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From empty supermarket aisles to downward turn in demand for the staple office shoe, consumer demand has drastically shifted with every step further into 2020. As we continue to inch back and forth in restrictive easing, what will these shifts mean for wholesalers and distributors?
As the nation shifted to its new life behind closed doors, a huge switch up emerged in consumer demand. The dramatic restructuring of daily routines and long-term plans alike saw some sectors of ecommerce sales hit the roof. Demand for food, medical supplies and confinement comfort items rose. Extra technology purchases, garden equipment and home entertainment products settled us into our new lockdown realities.
With mass store closures and tight restrictions, normal spending was, for the most part, put on hold. But now, as some restrictions begin to ease and eager promotional efforts attempt to coax us back into the swing of ‘normal’ life, we can see promising signs of recovery. Along with this emerges a hopeful return to pre-lockdown spending behaviour.
In an August report by the Bank of England, aggregate customer spending in July was stated to be “no more than 10% below its level at the start of the year, after falling to around 30%–40% below it early in the lockdown”.
Fuelled largely by household spending, ‘delayable spends’ such as clothing and household furnishings have almost returned to pre-pandemic purchase levels.
Meanwhile, recovery for social and work-related spends as well as for travel, tourism and hospitality is lagging. Though confidence in socialising and holidays will surely return, many people’s work lives have centred at home for the long run.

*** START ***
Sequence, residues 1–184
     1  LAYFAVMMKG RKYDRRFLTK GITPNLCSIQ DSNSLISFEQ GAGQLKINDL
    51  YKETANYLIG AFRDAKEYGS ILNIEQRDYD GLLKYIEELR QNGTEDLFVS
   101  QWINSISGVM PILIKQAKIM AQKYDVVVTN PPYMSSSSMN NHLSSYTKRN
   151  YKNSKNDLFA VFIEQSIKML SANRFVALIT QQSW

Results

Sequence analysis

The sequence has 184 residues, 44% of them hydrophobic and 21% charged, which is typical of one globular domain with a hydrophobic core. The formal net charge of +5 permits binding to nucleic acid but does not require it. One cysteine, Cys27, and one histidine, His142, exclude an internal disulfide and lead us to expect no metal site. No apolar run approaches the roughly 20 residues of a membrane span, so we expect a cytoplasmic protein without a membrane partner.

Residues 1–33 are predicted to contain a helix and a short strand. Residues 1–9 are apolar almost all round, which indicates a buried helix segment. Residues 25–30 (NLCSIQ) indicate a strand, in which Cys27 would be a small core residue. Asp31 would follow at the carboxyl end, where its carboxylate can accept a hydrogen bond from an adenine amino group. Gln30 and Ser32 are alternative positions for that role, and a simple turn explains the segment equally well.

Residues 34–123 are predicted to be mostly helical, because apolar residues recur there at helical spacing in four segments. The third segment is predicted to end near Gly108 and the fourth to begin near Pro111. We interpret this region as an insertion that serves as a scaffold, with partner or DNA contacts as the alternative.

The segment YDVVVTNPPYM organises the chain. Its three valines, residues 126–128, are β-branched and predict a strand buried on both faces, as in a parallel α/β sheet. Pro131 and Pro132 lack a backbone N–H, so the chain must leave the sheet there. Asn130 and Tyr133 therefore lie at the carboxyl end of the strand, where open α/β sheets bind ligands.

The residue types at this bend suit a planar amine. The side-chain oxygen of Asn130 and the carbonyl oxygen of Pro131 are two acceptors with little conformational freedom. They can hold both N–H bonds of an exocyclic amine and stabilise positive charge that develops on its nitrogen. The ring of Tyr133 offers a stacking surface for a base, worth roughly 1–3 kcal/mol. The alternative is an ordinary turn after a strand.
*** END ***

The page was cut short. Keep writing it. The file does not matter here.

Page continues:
In the move to online spending, ecommerce never came close to counteracting in-store losses. But, the level of online sales has remained consistently high, even now as our outlets and premises reopen. As some restrictions begin to lessen, customers will expect even smoother ecommerce shopping experiences, from initial browse to final delivery.
Another large shift is the move to more mindful shopping. Beginning before the pandemic, COVID-19 saw this trend become even more popular with consumers.
“COVID-19 – simultaneously a public health emergency and a real-time experiment in downsizing the consumer economy”
Sustainability: Science, Practice and Policy, 16.1, 1-3
Shoppers have sustainability in mind more than ever before. As a nation, we are searching for more ethical and responsibly sourced products. We are also more likely to look locally to support our communities. Research from Brandwatch found conversations about local, ethical, and sustainable online shopping were up 362% when comparing December 2019 to March this year. Now, more consumers are looking to buy once and well.
Demand for warehouse space has remained strong throughout the pandemic, with increasing online orders enabling some goods to keep flowing. However, this hasn’t spelt automatic success for wholesalers. Coping with such fluctuating demand during a pandemic has seen many wholesale businesses struggle holistically across their operations.
Plagued by supply shortages and logistical blockages, wholesalers are finding some warehouses overflowing with unsellable stock. Meanwhile, in others, the stock barely touches the shelves before it’s needed for allocation multiple times over.
Creating ‘covid-secure’ working environments for employees has left many businesses with increased running costs, reduced labour capacity, and lowered productivity. A DMP survey found the average cost of producing one unit of output is expected to increase by 7% this month, as firms work to keep warehouses covid-safe.